How Pirates' Morton fine-tuned his motion and saved his career

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A baseball will do what it's told. Grip it a certain way, throw it with a certain motion, wrench your arm this way or that to make it dance. The ball does your bidding. It has no mind of its own, even as it might drive you crazy. Ask Charlie Morton.

A year ago, Morton began his season with the worst 10 starts in baseball since 2000: He was 1-9, with an ERA of 9.35. This year, the Pittsburgh Pirates righthander has won six of nine decisions. He has an outside chance of being an All Star. All it took was giving the baseball a few different instructions.

Morton was on the field before a game at PNC Park last week. Someone asked him to describe the way he's throwing the ball now, as opposed to a year ago. It's an exercise in simple physics. So simple, you wonder why the 27-year-old Morton didn't do it years ago, before his career nearly died. He wonders the same thing.

"I was manipulating my body to throw the ball over the top,'' he's saying. Morton cocks his right arm so far behind his head, you'd think he'd hit his ear on the follow-through. "I was pulling my body this way,'' he says, leaning noticeably left, "to get my arm this way'' which was straight over the top.

It wasn't natural. It didn't feel right. It started when he was a kid. A big kid, long and lanky. Coaches and managers looked at Morton -- now 6-foot-5 and 230 pounds -- and saw a big, overhand delivery that supported a 95 mph fastball and a sweeping 12-to-6 curve, typified by Roger Clemens. Everyone wants to develop the next Roger Clemens. But it's not that simple. Maybe that's why there's been only one.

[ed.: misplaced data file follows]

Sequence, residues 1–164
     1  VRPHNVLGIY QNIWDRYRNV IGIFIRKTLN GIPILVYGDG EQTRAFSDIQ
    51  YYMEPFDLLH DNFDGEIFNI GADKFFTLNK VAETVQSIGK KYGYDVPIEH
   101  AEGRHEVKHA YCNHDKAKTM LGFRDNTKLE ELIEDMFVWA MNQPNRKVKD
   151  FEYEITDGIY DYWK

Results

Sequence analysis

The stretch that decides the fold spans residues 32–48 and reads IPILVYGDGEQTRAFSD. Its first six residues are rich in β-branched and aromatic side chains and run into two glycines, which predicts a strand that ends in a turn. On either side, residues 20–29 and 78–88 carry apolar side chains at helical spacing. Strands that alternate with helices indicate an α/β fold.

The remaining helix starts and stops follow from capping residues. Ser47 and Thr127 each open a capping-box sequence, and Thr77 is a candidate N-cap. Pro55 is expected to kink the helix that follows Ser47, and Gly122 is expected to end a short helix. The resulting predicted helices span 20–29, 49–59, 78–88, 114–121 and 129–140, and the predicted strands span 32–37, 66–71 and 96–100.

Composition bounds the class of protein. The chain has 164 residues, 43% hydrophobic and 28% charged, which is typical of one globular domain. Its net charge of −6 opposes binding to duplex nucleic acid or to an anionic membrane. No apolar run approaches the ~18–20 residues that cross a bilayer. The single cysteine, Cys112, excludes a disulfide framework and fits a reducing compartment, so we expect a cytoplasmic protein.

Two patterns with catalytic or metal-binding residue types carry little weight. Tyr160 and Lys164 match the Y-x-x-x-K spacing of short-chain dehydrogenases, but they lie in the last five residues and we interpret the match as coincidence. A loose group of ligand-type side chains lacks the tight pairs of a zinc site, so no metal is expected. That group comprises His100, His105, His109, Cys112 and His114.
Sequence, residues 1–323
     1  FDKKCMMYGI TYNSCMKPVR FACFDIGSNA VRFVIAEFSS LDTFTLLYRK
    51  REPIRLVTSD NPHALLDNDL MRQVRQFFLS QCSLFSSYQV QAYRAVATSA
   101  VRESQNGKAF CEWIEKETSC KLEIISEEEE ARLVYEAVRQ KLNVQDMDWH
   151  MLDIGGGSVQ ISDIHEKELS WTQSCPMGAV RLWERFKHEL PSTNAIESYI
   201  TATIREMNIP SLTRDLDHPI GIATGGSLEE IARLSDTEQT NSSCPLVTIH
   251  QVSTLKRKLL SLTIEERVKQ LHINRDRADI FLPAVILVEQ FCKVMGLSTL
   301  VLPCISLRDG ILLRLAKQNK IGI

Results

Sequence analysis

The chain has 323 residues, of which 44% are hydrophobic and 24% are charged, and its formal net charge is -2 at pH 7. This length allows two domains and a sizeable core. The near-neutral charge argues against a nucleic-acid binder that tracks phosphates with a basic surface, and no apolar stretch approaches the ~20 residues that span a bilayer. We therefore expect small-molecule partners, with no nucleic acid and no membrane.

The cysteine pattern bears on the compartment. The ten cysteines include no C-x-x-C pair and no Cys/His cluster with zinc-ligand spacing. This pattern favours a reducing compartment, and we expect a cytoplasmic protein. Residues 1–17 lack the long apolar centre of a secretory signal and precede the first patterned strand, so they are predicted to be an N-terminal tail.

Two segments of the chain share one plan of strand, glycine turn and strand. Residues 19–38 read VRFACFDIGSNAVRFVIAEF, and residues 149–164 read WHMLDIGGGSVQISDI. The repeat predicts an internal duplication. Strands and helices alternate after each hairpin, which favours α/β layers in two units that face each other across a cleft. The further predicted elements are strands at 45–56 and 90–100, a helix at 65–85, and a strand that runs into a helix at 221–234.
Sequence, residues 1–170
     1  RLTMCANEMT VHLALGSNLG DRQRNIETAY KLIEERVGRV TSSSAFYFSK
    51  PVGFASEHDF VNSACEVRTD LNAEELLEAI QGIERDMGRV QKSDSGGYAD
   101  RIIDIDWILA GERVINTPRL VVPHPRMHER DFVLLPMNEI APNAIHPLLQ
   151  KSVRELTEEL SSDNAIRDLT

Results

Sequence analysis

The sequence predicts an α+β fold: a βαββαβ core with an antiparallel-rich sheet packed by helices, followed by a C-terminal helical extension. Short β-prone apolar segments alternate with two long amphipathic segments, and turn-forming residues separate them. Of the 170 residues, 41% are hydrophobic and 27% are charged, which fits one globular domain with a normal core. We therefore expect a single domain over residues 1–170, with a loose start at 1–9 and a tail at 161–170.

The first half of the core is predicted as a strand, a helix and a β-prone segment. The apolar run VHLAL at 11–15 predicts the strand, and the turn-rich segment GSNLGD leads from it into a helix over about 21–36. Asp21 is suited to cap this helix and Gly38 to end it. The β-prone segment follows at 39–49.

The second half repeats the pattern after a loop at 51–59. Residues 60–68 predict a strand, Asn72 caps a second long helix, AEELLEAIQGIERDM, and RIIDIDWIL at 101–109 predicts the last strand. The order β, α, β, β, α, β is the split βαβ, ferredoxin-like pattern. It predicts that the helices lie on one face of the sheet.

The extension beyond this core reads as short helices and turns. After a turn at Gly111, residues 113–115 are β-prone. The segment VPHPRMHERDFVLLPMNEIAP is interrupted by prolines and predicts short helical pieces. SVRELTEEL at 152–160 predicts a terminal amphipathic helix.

Morton isn't a guy to speak up for himself. "I'm into my head, mostly,'' he explains. So, he listened. And got his hat knocked off.

"I felt like I was trapped in a situation I couldn't get out of,'' Morton said of last season. After the 1-9 disaster, the Pirates demoted him. "I'm sitting in Triple-A wondering what I'm going to do with my life,'' Morton recalled.

He'd heard how great his stuff was, and that made things worse. If I'm so great, why am I pitching this way? "Not only are you dealing with the opposing hitter, you're dealing with yourself,'' Morton explained.

He made it back to the majors last season, in time to finish 2-12. No one knew what Morton would do this season.

Desperation is a great motivator. After last year, Morton was willing to try anything. "He was pliable,'' was how Pirates pitching coach Ray Searage described it.

How bad was it?

Early last season, Morton befriended a TV cameraman, whose post was next to the Pirates dugout. The guy offered Morton a quote from Shakespeare:

"Be not afraid of greatness.''

Morton, being Morton, took it to heart. "Last year, I had a fear of what was going to happen, every time I pitched,'' he said. "I wasn't mature enough to accept the responsibility of taking the ball every fifth day.''

Searage and Jim Benedict, the Pirates minor league pitching coordinator, went to the video tape. They studied Morton from high school on. They saw a pitcher too good to be getting hit so hard, and they figured they knew why. The reasons delve deeply into the entirely rational yet completely mystical realm of pitching mechanics: arm slots, release points, fastball grips. Ask a golfer to describe his putting stroke, he'll tell you it's all about feel. Pitching isn't much different.

"Everybody has his own natural arm slot,'' Searage says. "Charlie's is three quarters, away from his head.''

In February, Searage and Benedict brought Morton in, showed him the tape and started the sell job: "Throw the way God intended you to throw,'' Searage told Morton. "Get away from your head. It'll give you more freedom for your big muscles to move.''

It didn't take much convincing. A starving man will dine in a Dumpster without regret. As Morton says, "I'm fighting for a job. I don't have any options. I'm pretty much all ears.'' Morton began by long-tossing. He couldn't believe how good it felt, how easy it was. Morton was overwhelmed. His eyes welled up, part relief, part gratitude, part where-the-hell-has-this-been-all-my-life.